Sunday, October 11, 2009
The good news: Bard, Buchholz
By Chris Forsberg
BOSTON -- For the first seven innings of Sunday's Game 3 at Fenway Park, Clay Buchholz and Daniel Bard were the story. By game's end, they were little more than an afterthought.
On the biggest stage of the 2009 season, two of the Sox's youngest arms combined to limit the Angels to two runs on six hits over seven innings before turning the game over to veterans Billy Wagner and Jonathan Papelbon to close it out.
It didn't happen. Papelbon stood on the hill as the Angels pushed across five runs (two charged to Wagner) over the final 1 1/3 innings for an unfathomable 7-6 win that capped a sweep of the American League Division Series.
Neither Buchholz nor Bard assigned blame after the loss, and neither felt much like commending themselves considering the outcome. But the duo certainly did all they could to extend Boston's season.
Making his first postseason appearance, Buchholz tossed five-plus innings, giving up two runs on six hits, while walking one and striking out three. It might have been worse if not for Bard, who inherited a Buchholz jam in the sixth -- bases loaded and no outs -- and allowed only one run to score while enticing a crucial double play on the first batter he faced.
"I thought it went all right," said Buchholz. "Bard came in and you can't ask anyone to come in with the bases loaded and no outs and not give up one run. That was just awesome. The game simply didn't turn out like we expected."
Buchholz gave up a one-out home run to Kendry Morales in the fourth inning, but, given some early run support, otherwise cruised until the sixth, when he came unglued.
Torii Hunter ripped a double to left and went to third on a balk. Vladimir Guerrero reached on a line drive off third baseman Mike Lowell's glove, and Buchholz seemed flustered with runners at the corners.
Pitching coach John Farrell visited the mound, but Buchholz never regained focus.
Morales walked to load the bases and manager Terry Francona called for Bard, who got Juan Rivera to ground into a 5-4-3 double play, scoring Hunter but stopping the bleeding. The next batter, Maicer Izturis, popped out to end the inning.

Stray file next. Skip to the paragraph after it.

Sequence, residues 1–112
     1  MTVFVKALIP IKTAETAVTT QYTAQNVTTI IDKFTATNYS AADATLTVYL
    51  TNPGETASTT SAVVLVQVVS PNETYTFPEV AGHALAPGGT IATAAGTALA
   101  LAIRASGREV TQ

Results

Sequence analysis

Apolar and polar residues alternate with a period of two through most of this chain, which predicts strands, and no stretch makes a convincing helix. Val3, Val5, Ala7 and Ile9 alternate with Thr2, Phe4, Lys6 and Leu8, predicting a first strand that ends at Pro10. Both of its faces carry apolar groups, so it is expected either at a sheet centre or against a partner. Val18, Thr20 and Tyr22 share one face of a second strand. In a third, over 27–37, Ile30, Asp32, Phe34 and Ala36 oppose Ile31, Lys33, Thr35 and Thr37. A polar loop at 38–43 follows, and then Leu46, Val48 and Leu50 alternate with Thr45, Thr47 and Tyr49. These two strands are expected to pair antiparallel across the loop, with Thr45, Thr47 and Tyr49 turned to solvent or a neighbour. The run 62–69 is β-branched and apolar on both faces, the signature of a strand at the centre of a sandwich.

Asked if he was surprised to enter in such a pressure-filled situation, Bard didn't hesitate.
"I was expecting it," he said. "That's how we've drawn it up.
"A lot of people don't like that situation, bases loaded and no outs. You're kind of expected to give up two or three runs, so to get out with zero or one, you're kind of set up to succeed.
"It was a great play by Mikey [Lowell] over at third, especially to get two," he said. "I'm thankful for him. Get a ground ball, that's what you're trying to do, a strikeout or a ground ball. It's a good feeling, but it didn't mean anything at the end."
Still, Bard's efforts did not go unnoticed.
"That was an impressive performance by him." general manager Theo Epstein said. "He answered whatever questions anyone might still have about him. Maybe he answered them today. He was knocked out of the draft by some people who thought he didn't have big-time makeup. His first postseason he certainly showed that he does. That was impressive."
While it's hard to think about in the wake of such a tough loss, in the long run both Buchholz and Bard have clearly taken big steps in their development.
Buchholz didn't wilt under the spotlight of the biggest start of his career, and this after a blistering September in which he established himself as a bona fide major league pitcher.
Bard, who finished sixth among all American League relievers with 11.49 strikeouts per nine innings, stamped himself as a trustworthy late-inning arm. Maybe even enough so that the Sox would consider moving Papelbon in the offseason.
Bard said he would build off what he learned this year. Buchholz deemed himself strong and ready to get back to work after a short rest.
As dark as the present may be, their futures look bright.